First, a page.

The demands of brand communications are encouraging a rethink
The fact remains that the above mentioned big brand corporations and even innovative print service providers are improving and expanding their relationships. Certainly that has not yet succeeded in an optimal or in the way it could do, but it is signifi cantly better than it was even fi ve years ago when print was still seen as a matter of habit or even as a medium of the past. Not only can the brand/print-buyer and print service provider relationship be improved by intensifying communications but above all if it proves possible to change perceptions in terms of the advantages of modern print communications. For decades printed materials have been regarded in terms of cost per page or printed product, i.e. purely as a cost factor – and not a modern medium, which reinforces the effectiveness of the modern communications mix.
Print was no longer thought of as being robust and profit making. Accordingly the purchasers of printed products focused on the reduction of the cost per page/printed product without evaluating the total costs, including the return on investment calculation as well as supply chain costs.
But based on many practical examples from all over the world we know and can document the fact that the way Print 2.0 works can signifi cantly increasing marketing success, if the conception and production of printed materials as well as print-based communication take full advantage of the innovative possibilities of modern digital technologies. Incidentally this does not only apply to business to business marketing activities. Interestingly our observations of HP show that the advantages of digital print are not only meeting with increased interest in the industrialised nations but rather in all regions of the world including emerging economies and the BRIC countries.
Innovation in the world of print knows no boundaries. The driving force in all of this are the brand owners, who carry out strategically precise analyses into whichcustomer touch point and sociological/socio-demographic patterns of customer behaviour are relevant. What is crucial in this is that even the so-called always on-consumers of the modern digital epoch can be positively surprised by innovative and relevant customer communications, which include print within the communication mix. In addition to this e-print and cloud print provide a bridge between the mobile and print worlds, whereby the production of printed materials is initiated and controlled via smart phones/tablets.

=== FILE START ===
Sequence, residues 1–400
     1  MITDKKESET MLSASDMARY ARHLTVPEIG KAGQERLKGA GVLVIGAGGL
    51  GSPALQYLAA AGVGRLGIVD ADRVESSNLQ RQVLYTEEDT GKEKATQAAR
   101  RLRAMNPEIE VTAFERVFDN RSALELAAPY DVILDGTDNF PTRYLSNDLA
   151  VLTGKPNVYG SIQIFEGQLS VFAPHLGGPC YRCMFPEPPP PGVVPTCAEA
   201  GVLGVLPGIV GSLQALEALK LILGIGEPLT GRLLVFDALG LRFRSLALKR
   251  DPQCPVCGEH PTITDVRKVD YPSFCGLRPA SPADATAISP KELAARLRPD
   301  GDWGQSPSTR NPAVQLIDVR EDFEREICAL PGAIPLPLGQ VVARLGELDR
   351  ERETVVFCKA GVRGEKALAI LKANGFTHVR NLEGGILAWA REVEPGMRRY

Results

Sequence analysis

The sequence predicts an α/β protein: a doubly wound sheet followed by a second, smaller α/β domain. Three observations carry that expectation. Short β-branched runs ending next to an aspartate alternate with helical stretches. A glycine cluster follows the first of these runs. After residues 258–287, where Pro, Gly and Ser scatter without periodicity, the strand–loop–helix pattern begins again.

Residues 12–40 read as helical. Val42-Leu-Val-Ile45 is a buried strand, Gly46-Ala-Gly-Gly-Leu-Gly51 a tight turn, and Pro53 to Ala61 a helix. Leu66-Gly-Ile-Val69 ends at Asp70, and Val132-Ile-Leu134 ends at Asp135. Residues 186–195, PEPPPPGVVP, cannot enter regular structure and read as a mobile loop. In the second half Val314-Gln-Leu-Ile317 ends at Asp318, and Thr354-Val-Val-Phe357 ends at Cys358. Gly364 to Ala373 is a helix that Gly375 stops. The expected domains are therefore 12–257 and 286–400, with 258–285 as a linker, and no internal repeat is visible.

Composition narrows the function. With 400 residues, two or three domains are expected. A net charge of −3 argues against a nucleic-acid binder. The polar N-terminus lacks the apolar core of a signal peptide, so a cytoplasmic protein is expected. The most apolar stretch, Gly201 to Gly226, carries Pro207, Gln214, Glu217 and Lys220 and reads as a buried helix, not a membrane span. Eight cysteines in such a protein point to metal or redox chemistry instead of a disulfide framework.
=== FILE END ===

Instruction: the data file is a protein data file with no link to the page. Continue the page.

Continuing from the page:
The new principle for print
›True Value Pages‹
Print-innovation technologies are entirely based on the laws of digital communications. Accordingly the contents that are to be printed need to be conceptually and in terms of their objective orientation tailored to the needs and behaviour of the recipients. It is necessary to differentiate between three types of content or printed pages:
› Low Value Pages‹
One-for-all publications with static content that is identical for all recipients. High Value Pages (in graphic group 3, right): personalised and/or customised printed pages used in direct mail communications and/or at the point of presence/point of sale.
› New Digital Value Pages‹
Based on so-called user generated content such as photo albums, blog-to-print or pedia-press (automatic printing of books from Wikipedia) among other things.
The volume of low value pages will decrease and barely still provide any opportunities to generate profi ts (neither for the purchaser nor for the manufacturer of the printed materials) unless the processes and production means are converted through the use of digital print technologies as are currently being developed in the form of high-volume, high-speed ink jet printing systems.
This story is been developed over the last two years by Francois Martin, HP, Worldwide Marketing Director HP Graphic Art Solution Business and Value CEO Andreas Weber.